"As artists, we are magicians"

Updated: Dec 20, 2019, 20:09 IST | Prachi Sibal | Mumbai

says French and dancer-choreographer Ali Salmi who works with urban spaces and sounds. We caught up with him while he was in town for a performance. Excerpts from an interview

Ali Salmi, French Dancer, and Choreographer
Ali Salmi, French Dancer, and Choreographer

When and how did you begin choreography in public spaces?

As a child, I liked touching things and was sensitive of movement. I played high-intensity sports including basketball and athletics. For me, it wasn't about winning a competition or a match, but about enjoying the beauty of the movement with a focus on the quality of the movement and its relationship with time and gravity.

I was tired of the emptiness of the formal stage and spaces. I wanted to perform in 'real' spaces. My goal is to tell the stories of cities through bodies in motion, through the vibrations of dancers and of people. Giving a name to my passion, I formed the company Osmosis Cie in 1993 - a choreographic company focusing on performance in public spaces. Since then, I have performed around the world – across Europe, Asia, North America, South America and even in many parts of India: Ahmedabad, Chandigarh, Trivandrum, Mumbai, New Delhi, and Bangalore.

What are the challenges of choreography in public spaces and working with ambient sound?

As artists, we are magicians. We use our bodies, sound design, and video projection to tell the story of this meeting. Each place has a vibration, a resonance. These spaces breathe like us - meeting them during the day or at night are vastly different propositions.

Our challenge is to give to the audience a glimpse of all these emotions, the hidden meanings of this meeting between our dance and space. In doing so, we share the space with the audience - the same floor (concrete or grass) and the same sky with stars shining above us. The soundtrack of the performance plays with the sounds of the city. The setting of the sound and its quality is very important to invite the audience in our journey in the middle of the soundscape of the city with all its throbbing, pulsating life.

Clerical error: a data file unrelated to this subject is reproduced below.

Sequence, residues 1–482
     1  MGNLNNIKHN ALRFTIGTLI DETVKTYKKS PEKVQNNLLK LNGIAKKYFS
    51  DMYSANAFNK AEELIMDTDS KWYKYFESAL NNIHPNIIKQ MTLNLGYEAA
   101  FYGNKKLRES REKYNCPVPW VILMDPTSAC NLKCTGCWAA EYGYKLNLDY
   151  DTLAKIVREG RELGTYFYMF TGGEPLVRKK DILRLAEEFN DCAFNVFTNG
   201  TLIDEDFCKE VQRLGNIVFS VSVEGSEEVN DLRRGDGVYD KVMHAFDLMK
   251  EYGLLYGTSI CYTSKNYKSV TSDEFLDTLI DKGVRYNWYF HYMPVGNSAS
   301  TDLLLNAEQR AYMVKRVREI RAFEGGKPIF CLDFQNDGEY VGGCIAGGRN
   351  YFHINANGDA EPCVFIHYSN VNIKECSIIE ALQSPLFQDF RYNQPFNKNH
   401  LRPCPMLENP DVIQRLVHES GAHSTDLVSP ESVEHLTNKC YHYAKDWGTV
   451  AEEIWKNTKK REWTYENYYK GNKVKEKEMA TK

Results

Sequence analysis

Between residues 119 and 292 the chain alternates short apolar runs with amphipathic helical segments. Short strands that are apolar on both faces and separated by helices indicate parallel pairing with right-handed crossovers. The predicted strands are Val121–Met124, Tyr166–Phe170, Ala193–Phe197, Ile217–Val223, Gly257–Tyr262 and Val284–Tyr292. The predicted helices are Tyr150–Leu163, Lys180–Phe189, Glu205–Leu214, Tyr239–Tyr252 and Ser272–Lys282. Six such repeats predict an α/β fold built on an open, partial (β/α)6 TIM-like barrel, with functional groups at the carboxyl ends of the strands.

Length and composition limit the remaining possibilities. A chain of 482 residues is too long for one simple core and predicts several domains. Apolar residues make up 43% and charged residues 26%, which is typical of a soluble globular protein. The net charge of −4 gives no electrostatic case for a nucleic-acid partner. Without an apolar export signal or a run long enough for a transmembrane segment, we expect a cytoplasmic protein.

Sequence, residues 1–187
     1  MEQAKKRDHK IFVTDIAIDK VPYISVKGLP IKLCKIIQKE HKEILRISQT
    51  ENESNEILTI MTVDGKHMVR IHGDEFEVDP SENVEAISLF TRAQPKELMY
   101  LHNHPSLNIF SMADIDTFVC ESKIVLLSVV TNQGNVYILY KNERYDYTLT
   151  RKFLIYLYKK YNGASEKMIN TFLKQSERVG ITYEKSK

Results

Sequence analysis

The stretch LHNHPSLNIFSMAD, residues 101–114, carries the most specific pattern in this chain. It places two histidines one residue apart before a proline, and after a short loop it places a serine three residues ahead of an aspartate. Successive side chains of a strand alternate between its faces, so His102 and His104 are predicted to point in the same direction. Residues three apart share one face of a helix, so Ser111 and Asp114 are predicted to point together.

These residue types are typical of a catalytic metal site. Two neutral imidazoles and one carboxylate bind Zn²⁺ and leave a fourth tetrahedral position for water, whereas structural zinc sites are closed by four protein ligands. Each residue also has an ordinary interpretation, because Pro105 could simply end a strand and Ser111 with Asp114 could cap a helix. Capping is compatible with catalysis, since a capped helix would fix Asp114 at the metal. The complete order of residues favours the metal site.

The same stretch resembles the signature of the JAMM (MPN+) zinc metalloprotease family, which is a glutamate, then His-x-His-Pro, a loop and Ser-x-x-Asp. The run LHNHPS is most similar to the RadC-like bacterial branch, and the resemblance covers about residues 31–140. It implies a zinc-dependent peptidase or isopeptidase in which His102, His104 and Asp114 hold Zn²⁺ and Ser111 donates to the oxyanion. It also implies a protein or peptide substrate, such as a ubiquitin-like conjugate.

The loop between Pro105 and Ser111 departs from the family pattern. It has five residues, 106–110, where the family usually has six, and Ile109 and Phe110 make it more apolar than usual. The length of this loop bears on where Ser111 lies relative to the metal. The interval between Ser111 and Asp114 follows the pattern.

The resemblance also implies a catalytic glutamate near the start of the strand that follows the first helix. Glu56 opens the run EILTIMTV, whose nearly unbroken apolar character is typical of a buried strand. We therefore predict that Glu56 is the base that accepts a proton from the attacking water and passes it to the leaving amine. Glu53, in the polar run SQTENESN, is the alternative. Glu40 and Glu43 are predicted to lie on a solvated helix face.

Ali Salmi

What does your day look like?

I wake up at 7 am with the sun. I do some light stretching and yoga movements in the shower to wake up me up slowly. Then I have a light breakfast and brush up on news from around the world. It’s very important for me to stay connected with what is happening in the world.

Following this, I have special training that I do outdoors, on the spot where I will perform to resonate with the city and with space. Considering the weather here, I take a break between 12:30 pm and 3 pm. Reading, intellectual work, listening to music or documentary research for my work. From 3 pm till late evening, I work on sequences of movements i.e. on my physical statement. Then, we use the night to work with light and video projections in real conditions so that we can understand how to make pictures and images dance with us using shadows and light.

How do you relate to the spaces you perform in?

If I want to dance in the spaces of the city, I need to take time to feel the vibrations of the place and to understand them. For this, I need time to traverse, cross, move in and around the space - almost like the anthropology of the city and its spaces. I like to call myself a choreographic surveyor of public space. We need to live inside, to spend time in space and only then start to dance.

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